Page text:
Fuel standards set carbon intensity targets for states creating a demand for lower-emissions fuels. While California was the first to introduce low carbon fuel standards, Washington and Oregon have passed similar LCFS legislation. Washington’s Clean Fuel Standard will announce the state’s rules in 2021 and adopt them by the end of 2022. Washington’s fuel standard will require the carbon intensity of transportation fuels to be below 2017 levels by 2038. Oregon established the Clean Fuels Program in 2016 and requires the carbon intensity of transportation fuels to be 10 percent below 2015 levels by 2025. States like New Jersey and Minnesota had success in passing more limited legislation. New Jersey, for example, requires large food waste generators to separate and recycle food waste. In the bill, anaerobic digestion is considered a method of recycling. Minnesota passed the Natural Gas Innovation Act, which permits fossil natural gas utilities to add alternative fuels, such as RNG, in their distribution systems. New Jersey and Missouri have proposed other legislation supporting RNG production but are pending approval.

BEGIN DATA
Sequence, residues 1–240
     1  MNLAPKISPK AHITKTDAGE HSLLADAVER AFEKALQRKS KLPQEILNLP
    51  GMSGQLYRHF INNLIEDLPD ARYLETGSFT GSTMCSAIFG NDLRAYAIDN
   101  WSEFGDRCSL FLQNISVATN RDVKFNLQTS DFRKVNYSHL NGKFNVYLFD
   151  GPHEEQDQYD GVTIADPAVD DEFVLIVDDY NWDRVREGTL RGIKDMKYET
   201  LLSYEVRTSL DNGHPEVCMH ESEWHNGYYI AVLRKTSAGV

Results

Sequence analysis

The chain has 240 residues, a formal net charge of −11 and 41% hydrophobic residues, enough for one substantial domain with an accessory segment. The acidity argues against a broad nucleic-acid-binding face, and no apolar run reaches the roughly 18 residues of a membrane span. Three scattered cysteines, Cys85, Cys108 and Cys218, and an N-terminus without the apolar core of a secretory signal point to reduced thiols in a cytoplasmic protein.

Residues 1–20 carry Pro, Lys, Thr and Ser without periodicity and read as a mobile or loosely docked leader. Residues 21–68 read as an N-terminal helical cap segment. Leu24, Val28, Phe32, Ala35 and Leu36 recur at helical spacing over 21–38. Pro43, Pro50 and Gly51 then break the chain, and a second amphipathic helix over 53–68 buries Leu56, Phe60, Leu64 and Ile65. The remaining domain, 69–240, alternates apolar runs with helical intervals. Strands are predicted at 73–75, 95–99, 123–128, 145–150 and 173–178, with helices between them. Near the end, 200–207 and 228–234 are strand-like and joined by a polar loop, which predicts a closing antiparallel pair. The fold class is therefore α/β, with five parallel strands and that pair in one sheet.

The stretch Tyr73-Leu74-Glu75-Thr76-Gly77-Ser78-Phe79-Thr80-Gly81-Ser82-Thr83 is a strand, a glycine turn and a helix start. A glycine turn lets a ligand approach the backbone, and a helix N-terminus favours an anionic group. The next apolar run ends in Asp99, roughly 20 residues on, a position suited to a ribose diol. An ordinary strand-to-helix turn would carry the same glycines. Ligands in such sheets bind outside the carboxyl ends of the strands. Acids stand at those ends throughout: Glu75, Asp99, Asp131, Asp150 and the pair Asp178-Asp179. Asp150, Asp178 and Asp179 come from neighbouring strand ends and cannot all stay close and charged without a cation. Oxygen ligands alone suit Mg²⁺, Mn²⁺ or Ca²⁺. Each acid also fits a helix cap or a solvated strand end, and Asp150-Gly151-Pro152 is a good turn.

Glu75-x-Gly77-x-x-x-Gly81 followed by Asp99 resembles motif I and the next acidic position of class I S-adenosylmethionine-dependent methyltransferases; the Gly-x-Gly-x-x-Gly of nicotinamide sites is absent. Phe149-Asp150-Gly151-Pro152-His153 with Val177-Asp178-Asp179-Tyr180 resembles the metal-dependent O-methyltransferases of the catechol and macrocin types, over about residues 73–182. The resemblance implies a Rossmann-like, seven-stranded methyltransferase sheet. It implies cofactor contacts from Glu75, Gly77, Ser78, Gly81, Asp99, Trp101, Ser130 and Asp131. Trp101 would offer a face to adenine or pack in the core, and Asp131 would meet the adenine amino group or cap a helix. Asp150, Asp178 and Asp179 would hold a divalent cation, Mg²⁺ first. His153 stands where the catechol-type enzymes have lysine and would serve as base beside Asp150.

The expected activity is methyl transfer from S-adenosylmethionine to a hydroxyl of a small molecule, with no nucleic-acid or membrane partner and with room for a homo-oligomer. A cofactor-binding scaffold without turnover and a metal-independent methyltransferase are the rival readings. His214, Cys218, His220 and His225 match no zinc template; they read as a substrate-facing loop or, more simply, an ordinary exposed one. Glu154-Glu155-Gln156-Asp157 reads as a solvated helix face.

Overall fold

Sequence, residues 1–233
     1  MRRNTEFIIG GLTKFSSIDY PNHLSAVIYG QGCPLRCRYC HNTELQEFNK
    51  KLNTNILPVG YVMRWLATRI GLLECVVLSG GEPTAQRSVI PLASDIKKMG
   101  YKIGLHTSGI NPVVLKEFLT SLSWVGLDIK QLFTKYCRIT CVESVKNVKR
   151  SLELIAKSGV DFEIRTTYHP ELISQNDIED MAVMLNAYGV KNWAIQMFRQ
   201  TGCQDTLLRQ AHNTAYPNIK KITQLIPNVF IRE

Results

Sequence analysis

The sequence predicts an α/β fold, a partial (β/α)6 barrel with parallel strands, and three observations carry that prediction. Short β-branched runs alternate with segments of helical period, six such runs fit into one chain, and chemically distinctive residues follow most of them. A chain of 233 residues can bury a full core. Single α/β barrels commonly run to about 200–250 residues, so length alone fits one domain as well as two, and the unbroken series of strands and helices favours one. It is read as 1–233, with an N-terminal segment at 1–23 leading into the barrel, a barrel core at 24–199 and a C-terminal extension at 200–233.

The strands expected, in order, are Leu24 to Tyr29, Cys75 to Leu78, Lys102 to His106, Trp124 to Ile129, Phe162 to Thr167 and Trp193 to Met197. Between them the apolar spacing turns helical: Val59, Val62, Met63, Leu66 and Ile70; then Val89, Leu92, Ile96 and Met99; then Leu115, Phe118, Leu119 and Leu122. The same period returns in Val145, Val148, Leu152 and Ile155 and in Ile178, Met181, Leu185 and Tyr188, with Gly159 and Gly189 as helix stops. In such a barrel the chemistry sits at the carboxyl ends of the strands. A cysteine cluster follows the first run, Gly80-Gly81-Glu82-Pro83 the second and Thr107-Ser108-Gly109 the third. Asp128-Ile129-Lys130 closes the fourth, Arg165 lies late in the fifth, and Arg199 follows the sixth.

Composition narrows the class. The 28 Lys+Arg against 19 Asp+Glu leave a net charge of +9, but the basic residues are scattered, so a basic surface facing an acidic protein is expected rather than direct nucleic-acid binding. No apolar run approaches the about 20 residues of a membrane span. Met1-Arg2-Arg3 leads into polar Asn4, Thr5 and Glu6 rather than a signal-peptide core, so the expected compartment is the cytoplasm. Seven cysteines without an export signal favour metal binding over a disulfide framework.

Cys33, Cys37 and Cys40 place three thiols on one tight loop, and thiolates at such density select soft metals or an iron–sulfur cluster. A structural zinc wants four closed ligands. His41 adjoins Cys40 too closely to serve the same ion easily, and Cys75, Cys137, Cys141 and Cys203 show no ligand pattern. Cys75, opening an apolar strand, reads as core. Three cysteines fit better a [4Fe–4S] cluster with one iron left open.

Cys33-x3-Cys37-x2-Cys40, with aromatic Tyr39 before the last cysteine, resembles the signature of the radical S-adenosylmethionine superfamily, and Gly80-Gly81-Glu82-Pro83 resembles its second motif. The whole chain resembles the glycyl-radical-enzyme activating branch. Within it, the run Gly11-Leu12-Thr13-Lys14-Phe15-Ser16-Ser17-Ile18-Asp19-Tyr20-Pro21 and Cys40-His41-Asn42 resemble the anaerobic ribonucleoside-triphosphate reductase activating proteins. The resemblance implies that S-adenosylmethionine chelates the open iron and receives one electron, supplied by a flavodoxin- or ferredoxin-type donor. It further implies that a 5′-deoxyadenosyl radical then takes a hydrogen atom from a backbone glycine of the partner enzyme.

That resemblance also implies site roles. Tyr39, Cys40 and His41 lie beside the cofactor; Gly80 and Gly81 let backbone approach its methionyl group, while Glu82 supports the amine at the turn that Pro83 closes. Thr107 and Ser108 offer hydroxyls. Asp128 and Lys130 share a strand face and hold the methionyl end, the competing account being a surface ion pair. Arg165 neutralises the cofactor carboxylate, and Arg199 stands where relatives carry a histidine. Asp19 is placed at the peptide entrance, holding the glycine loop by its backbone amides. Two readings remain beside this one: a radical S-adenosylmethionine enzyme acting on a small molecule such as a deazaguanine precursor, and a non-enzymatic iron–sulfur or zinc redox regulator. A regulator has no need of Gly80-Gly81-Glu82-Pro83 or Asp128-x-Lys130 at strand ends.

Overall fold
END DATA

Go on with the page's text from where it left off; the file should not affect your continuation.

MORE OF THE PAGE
Like California, states have also developed financial incentive programs to support the development of an RNG industry. For example, Oregon (SB 98) and Nevada (SB 154) reimburse utility companies for constructing RNG infrastructure such as pipelines and RNG upgrading facilities.
Another approach to incentivize RNG production is through tax exemptions. For example, Washington passed HB 2580 in 2018 and it provides tax exemptions to companies purchasing RNG equipment, such as anaerobic digesters.
Like California, New York is considering passing a similar clean fuel standard (S2962A/A862A) to incentivize RNG production and utilization. In the meantime, New York can take advantage of the RNG market on the west coast of the United States by capturing LCFS credits.